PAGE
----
As Ollie Maihi stands beneath the blossoming pink flowers in her Waikanae backyard, she smiles shyly towards the camera, her large brown eyes set with a silky purple eyeshadow.
She looks like any 6-year-old girl enjoying the spring holidays, catching the sun in a strappy summer dress, her hair pulled back into braids and exposing the gem stones in each ear.
Except Ollie, a Kapanui Primary School student and sibling of five, was born a boy.
Among a collection of young New Zealanders identified as having gender dysphoria, Ollie was given the choice to permanently dress as a girl last year, on her fifth birthday.
Ollie is the second oldest boy to parents Hope and Bryan Maihi and spent the first few years of her life trying desperately to communicate needs that, for her, were as simple as wanting to wear a dress.
"We didn't really know what was going on with her tantrums and challenging behaviour," said Hope Maihi, also mother to Taylor, 7, Jordan, 5, Terina, 2 and Anthony, 4 months.
"She'd wear dresses from kindy and steal them to bring home and we'd have a major battle trying to get them off her.
"She'd also take my tops to wear as dresses and wanted long hair more than anything else, so would put a pillow case on her head and pretend it was hair.
"We thought it might be a phase, but something in me knew it was more than that."
At age three, Ollie's parents allowed her to wear dress ups at home or at the homes of close friends, but told her that when she was out in public, she had to wear boy's clothes.
"It didn't last long because it made her so unhappy and we could see that.
"The behaviour got worse and so did her unhappiness."
Concerned, Maihi approached a doctor, who took the family down the path of ADD and behavioral testing, though nothing was found.
"I said no, there was something else and then we finally got a doctor to listen to us, who referred us to Child and Adolescent Mental Health services (CAMHS)."
CAMHS assessed Ollie and referred her to the Maori Mental Health team, which in turn referred her to an intern psychologist who, according to Ms Maihi, had no experience working with transgender children.
"It actually made it worse.
"The psychologist advised Ollie's school to treat her as gender neutral and suggested we put her in neutral clothes, which wasn't easy because it was hard to get pants on her because all she wanted was flowy clothes.
"When I told her that she had to use the boy's toilets at school, she sobbed and I thought that's it."
Having approached Ollie's school, Mrs Maihi asked them to either provide a gender neutral toilet or to let her use the girl's toilets.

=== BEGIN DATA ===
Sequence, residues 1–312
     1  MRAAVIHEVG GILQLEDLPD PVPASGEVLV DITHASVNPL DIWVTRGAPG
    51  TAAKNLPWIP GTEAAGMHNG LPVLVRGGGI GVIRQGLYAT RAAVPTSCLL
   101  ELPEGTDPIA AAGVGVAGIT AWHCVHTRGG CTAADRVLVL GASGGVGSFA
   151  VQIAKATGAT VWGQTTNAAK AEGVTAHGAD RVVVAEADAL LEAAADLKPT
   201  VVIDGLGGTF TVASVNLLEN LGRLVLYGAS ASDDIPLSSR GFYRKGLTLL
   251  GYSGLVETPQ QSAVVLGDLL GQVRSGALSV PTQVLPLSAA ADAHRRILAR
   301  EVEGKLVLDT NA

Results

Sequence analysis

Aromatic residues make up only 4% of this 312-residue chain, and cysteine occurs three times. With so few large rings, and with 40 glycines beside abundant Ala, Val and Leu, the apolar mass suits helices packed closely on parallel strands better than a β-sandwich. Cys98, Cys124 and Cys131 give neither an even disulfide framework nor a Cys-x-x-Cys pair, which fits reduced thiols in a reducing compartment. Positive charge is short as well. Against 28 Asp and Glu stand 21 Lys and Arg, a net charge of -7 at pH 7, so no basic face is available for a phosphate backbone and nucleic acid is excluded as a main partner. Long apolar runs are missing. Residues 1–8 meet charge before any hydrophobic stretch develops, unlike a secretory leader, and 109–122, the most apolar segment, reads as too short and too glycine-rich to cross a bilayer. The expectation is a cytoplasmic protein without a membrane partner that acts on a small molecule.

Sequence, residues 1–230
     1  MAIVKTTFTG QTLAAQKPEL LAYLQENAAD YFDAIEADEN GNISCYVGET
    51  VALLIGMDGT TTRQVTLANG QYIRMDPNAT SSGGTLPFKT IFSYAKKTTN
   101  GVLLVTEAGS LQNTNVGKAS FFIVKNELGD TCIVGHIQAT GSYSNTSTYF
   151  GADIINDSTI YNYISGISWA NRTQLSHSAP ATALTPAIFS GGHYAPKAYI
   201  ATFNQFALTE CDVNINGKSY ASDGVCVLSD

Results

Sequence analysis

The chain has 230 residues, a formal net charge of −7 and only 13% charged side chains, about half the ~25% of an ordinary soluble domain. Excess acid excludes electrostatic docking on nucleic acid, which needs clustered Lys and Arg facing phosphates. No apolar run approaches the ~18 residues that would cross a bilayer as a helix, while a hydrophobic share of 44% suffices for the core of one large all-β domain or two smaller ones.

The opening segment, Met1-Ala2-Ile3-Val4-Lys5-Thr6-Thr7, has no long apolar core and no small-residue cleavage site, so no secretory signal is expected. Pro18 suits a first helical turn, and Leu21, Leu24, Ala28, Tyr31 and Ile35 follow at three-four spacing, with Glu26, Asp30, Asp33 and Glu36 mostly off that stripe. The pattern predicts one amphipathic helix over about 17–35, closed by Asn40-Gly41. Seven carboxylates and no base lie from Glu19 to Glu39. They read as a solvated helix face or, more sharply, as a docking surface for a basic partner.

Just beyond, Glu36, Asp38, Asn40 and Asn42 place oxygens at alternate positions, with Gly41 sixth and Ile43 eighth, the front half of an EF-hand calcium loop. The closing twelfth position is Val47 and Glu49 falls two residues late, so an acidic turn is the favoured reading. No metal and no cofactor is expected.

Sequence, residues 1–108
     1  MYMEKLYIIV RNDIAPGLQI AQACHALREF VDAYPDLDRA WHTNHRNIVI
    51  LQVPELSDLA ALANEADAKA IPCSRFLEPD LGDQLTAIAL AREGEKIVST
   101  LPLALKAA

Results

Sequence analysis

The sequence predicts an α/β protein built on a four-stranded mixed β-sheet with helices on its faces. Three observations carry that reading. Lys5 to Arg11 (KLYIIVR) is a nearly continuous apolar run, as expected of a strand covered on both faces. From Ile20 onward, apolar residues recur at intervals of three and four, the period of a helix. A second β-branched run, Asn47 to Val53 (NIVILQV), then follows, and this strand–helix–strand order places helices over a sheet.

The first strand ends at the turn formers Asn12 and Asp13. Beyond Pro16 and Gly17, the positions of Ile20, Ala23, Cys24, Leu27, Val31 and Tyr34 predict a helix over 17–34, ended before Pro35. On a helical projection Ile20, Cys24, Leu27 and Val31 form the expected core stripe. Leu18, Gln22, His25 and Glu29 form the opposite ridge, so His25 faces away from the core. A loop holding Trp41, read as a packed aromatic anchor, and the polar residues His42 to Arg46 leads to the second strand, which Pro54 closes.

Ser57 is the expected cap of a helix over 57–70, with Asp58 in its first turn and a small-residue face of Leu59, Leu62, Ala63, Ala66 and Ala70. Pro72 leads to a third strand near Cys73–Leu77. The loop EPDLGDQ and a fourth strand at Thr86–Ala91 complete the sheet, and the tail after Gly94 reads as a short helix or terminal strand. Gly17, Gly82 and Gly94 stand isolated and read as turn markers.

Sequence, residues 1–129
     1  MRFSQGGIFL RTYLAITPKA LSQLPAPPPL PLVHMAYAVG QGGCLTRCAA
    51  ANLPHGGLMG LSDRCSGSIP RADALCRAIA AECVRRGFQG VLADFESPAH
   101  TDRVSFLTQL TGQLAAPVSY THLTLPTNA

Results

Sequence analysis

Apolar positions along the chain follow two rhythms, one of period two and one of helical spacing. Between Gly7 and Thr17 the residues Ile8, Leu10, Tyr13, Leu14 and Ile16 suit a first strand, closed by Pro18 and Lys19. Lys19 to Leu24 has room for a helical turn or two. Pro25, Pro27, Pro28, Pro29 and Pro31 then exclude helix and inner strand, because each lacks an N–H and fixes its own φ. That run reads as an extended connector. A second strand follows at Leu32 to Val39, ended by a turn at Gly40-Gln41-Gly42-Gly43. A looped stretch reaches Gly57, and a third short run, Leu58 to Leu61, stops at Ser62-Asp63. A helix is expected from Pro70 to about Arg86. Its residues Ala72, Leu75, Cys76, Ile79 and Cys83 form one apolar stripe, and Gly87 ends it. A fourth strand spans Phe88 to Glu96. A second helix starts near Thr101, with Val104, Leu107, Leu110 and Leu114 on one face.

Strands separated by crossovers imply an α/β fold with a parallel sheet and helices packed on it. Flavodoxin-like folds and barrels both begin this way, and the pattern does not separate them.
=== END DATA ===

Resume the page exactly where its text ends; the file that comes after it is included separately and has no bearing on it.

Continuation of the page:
"They were awesome and let her use the girl's toilets and in May this year, changed Ollie's gender on their records."
On Ollie's birthday last year, when the Maihis told her that she could finally dress in girl's clothes every day, she cried happy tears.
"I actually had a little cry to myself because it was a reality.
"I'd realised that stopping her from being herself wouldn't make her happy and it hadn't for such a long time.
"You could see the difference in her from the day we changed her whole wardrobe."
Maihi said the experience had brought mixed emotions.
"It's been very hard.
"I was always questioning myself and weighing up problems.
"Bryan and I wouldn't be able to be this supportive of Ollie without our own support from family."
Another influential person in helping them to understand their role as parents of a transgender child was Wellington pediatrician Dr Andrew Marshall.
Maihi said he had been "fantastic and so supportive".
"One of the biggest things he taught us was the importance of acceptance.
"When Ollie was telling us she was a girl, we'd say well no Ollie you're a boy but you want to be a girl, which was actually more damaging.
"In her mind, it was the truth but we were not accepting of who she was."
Ollie, who also battled significant hearing imparities until two and a half, as a result of undiagnosed glue ear, would be referred to an endocrinologist at age 10 to start hormone treatment.
Apprehensive of how other school children would eventually respond to Ollie's differences, Maihi held onto the fact that her daughter already had a close group of friends.
"At kindy, as a boy, Ollie always had girlfriends and she has three or four who have transferred to primary with her and accept that she's a girl now."
Mrs Maihi, a born and bred Waikanae local, last week started her own online support group for families of transgender children.
"I started the Facebook group The Real Me for parents going through the same thing and on the first day, I had 20 people join from as far as Wellington, messaging me a lot of their different stories.
"One of them was a parent newly going through it, so it's nice to be able to answer their calls at any time and have a chat."
Ollie, who popped into the living room mid-conversation to pass her mother a hand drawn card, set with roads and puffy pink clouds, proudly showed off her scuffed white heels before disappearing again.
"Ollie is Ollie and we love her for who she is and that's never going to change," Mrs Maihi said.
"You can see the change in her by looking back at photos.
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